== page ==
What to Do and What to Say When Paying Visits in Washington

mastery of the rank listIf you are anywhere near Washington, D.C. this week, you know that today, April 23, is “NATO day” ~ trillions of dignitaries and their cohorts are wandering my fair city (by limo, of course). We are so pleased to host their visit, particularly since a majority of federal workers, such as myself, were granted a day off due to security and traffic issues.

I thought it fitting to find some advice for our visitors. So, bless you, NATO, and please mind your manners while in town. We wouldn’t want Emily Post to scold you.

1937: What to Do and What to Say When Paying Visits in Washington

Excepting that you may be ~ unless prepared ~ at a loss to know how to address each official and foreigner, and excepting that precedence is a thing that must never be lost sight of, you behave in diplomatic and official circles as you behave in ‘best society’ everywhere. A man calling upon an ambassador or a minister askes the door if ‘His Excellency’ is at home; but a lady going to see his wife asks if ‘Madame Telque’ or ‘Lady Overseas’ or ‘Countess Thatone’ is at home. Upon being told that she is, the visitor lays her cards ~ one of her own and two of her husband’s ~ upon the tray offered her and follows the servant to the drawing-room. Her hostess greets her and indicates where she is to sit. In New York a visitor would merely take any available seat, but in Washington a visitor should not, with others of higher rank present, sit upon the empty chair on the hostess’s right vacated perhaps by a departed ‘Ambassadress’ but find a place less obviously prominent.

For those who are at the very bottom or very near the top, it is comparatively easy to remember the rank of the almost none below or the equally few above, but for the wife of a new official of medium rank the strain upon her memory for faces and names duly classified is a heavy one. In fact, at first this mastery of the rank list seems to nearly everyone impossible. To some it remains impossible and they are social failures. To others, practise soon gains headway and memory gradually becomes perfect.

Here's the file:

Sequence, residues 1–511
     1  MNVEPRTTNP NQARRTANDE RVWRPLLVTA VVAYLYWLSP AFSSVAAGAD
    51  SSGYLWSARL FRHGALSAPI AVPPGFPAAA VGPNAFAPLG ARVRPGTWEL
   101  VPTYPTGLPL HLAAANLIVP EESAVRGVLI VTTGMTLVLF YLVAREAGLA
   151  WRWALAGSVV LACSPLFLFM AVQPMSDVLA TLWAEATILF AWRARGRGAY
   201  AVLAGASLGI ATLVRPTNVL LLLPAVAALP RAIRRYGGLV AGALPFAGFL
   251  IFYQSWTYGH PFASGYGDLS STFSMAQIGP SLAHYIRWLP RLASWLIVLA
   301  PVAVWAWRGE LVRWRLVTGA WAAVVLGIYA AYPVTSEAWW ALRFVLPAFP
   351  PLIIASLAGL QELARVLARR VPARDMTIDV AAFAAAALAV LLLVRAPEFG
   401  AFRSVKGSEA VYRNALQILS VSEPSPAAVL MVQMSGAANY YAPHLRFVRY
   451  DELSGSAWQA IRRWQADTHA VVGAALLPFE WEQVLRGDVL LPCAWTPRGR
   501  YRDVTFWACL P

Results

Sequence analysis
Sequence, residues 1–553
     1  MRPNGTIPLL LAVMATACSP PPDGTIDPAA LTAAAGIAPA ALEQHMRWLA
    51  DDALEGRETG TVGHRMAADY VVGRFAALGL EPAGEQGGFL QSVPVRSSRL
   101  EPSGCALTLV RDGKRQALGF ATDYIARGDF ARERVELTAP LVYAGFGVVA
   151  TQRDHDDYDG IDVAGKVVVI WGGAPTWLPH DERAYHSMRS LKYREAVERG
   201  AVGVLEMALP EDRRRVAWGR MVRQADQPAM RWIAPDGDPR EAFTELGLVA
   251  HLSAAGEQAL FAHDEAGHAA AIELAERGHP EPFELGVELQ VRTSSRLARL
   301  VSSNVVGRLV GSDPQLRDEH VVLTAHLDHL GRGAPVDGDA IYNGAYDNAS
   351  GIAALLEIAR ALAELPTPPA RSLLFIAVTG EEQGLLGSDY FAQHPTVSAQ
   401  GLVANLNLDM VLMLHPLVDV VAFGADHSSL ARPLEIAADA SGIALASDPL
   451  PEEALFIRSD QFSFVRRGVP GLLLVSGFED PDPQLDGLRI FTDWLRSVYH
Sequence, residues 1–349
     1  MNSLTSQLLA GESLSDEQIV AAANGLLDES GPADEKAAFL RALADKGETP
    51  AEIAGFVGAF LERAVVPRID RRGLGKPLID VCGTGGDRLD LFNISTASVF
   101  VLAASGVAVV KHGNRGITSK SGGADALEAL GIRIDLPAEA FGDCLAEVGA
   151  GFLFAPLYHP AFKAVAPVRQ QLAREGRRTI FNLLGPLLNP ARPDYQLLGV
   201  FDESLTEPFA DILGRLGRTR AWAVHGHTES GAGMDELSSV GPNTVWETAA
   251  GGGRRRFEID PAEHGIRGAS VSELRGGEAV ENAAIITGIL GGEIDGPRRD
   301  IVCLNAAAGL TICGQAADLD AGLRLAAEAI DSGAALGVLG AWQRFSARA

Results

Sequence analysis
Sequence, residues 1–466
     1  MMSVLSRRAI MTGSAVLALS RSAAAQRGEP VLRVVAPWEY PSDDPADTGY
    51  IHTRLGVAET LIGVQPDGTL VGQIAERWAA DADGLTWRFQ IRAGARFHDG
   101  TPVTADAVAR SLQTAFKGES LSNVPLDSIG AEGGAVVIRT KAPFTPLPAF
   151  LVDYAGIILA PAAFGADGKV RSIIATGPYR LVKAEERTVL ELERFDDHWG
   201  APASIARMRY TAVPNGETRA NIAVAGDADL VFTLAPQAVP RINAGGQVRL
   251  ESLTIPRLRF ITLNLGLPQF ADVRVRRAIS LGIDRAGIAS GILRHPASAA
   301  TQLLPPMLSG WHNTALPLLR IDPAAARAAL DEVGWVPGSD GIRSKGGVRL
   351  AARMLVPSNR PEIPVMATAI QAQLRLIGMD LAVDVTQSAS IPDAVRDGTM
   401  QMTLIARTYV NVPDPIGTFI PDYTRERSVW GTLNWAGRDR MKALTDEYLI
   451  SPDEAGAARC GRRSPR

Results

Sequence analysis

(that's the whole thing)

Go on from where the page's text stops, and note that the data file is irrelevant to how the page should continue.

An invaluable aid if your memory is not especially good is to carry a book with an attached pencil ~ the whole so small that it can be cupped in the palm of your left hand, and whenever an unobserved chance comes, write quickly the names just heard; or later you can perhaps ask someone present what those you could not hear are. It is a good idea to add if possiblesomething to fix each one in memory:
‘Senator Brown, Montana: very tall, thin, gray beard, black eyes.’
‘Madame Jamand: wife of Finnish Minister, small, round, ash blond, pretty dimpled hands.’
‘Mrs. Mumford: wife of Congressman from New York, tall, thin, dark, wears glasses, nice smile.’

Then when you go home, you find where each belongs on the official list. After a little while your mind gets into the habit of classifying names with appearances. After that, if you have a ‘talent for people’ you elaborate your mere ‘identification’ to a ‘personality’ list.
‘Senator Brown: great love of justice. Convince him a thing is right, and he will stand by it through thick and thin.’
‘Madame Jamand: talks amusingly about people. But not too accurate in what she says,’ etc.

This last habit of testing and listing people’s traits of character is of greatest value to anyone in any branch of public life, not merely because you may some day want to convince the Senator, or to know whether what Madame told you is likely to prove true, but because the ability to read people comes only with just such practise. And the ability to remember names and faces and read the latter at the same time is the ability out of which the stepping stones to unlimited diplomatic and political heights are carved.

Source: Post, Emily. Etiquette: The Blue Book of Social Usage. New York: Funk & Wagnalls Company,1937.
~ pp. 694-96 ~